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Bad News: An Experimental Study on the Informational Effects of Rewards

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Author Info

  • Andrei Bremzeny

    (CEFIR and New Economic School)

  • Elena Khokhlovaz

    (McKinsey&Company)

  • Anton Suvorov

    (CEFIR and New Economic School)

  • Jeroen van de Ven

    ()
    (University of Amsterdam)

Abstract

Both psychologists and economists have argued that rewards often have hidden costs. One possible reason is that the principal may have incentives to offer higher rewards when she knows the task to be dificult. Our experiment tests if high rewards embody such bad news and if this is perceived by their recipients. Our design allows us to decompose the overall effect of rewards on effort into a direct incentive and an informational effect. The results show that most participants correctly interpret high rewards as bad news. In accordance with theory, the negative informational effect co-exists with the direct positive effect.

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Bibliographic Info

Paper provided by Center for Economic and Financial Research (CEFIR) in its series Working Papers with number w0164.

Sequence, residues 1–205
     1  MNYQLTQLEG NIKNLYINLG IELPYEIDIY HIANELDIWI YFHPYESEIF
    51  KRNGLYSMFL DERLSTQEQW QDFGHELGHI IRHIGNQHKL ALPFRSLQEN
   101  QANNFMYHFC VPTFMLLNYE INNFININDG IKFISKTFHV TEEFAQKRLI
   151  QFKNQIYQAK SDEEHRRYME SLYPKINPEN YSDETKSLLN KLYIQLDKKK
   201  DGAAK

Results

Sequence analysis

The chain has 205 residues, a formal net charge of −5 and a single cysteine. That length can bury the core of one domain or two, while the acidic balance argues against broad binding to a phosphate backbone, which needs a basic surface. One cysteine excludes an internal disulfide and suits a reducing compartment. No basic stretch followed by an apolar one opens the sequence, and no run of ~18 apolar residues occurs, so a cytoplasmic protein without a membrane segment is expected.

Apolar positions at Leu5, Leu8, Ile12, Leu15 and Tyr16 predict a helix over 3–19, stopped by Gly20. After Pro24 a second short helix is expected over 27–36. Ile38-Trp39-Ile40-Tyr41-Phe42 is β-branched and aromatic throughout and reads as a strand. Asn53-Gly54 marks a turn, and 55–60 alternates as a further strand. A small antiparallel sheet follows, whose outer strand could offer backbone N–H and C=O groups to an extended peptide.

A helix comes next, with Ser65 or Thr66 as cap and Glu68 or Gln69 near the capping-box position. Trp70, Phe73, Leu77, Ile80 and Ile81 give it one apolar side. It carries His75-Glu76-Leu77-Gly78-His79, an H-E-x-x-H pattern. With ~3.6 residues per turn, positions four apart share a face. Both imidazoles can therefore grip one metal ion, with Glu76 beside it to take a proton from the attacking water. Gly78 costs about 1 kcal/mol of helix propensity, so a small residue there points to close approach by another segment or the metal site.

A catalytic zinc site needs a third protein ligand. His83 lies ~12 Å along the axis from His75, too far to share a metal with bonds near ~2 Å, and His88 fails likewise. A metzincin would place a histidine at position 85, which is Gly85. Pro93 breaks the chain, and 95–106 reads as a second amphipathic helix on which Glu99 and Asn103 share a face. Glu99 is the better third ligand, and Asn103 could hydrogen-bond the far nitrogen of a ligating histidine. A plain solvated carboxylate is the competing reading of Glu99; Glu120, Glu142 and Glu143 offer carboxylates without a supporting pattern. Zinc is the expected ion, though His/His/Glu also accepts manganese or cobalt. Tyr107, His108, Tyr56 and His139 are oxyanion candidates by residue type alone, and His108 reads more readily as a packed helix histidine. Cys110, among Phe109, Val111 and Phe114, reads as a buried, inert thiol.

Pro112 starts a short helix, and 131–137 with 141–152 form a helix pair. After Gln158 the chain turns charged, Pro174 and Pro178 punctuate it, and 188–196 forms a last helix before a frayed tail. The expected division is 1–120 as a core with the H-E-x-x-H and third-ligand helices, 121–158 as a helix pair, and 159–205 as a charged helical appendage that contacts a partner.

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Length: 38 pages
Date of creation: Sep 2011
Date of revision:
Handle: RePEc:cfr:cefirw:w0164

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Keywords: reward; bonus; informational content; motivation; crowdingout; laboratory experiment;

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References

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Citations

Blog mentions

As found by EconAcademics.org, the blog aggregator for Economics research:
  1. How bonuses backfire
    by chris dillow in Stumbling and Mumbling on 2011-09-19 14:06:31
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Cited by:
  1. Roberto Galbiati & Karl Schlag & Joel van der Weele, 2011. "Sanctions that Signal: an Experiment," Vienna Economics Papers, University of Vienna, Department of Economics 1107, University of Vienna, Department of Economics.
  2. Roland Benabou & Jean Tirole, 2011. "Laws and Norms," NBER Working Papers 17579, National Bureau of Economic Research, Inc.

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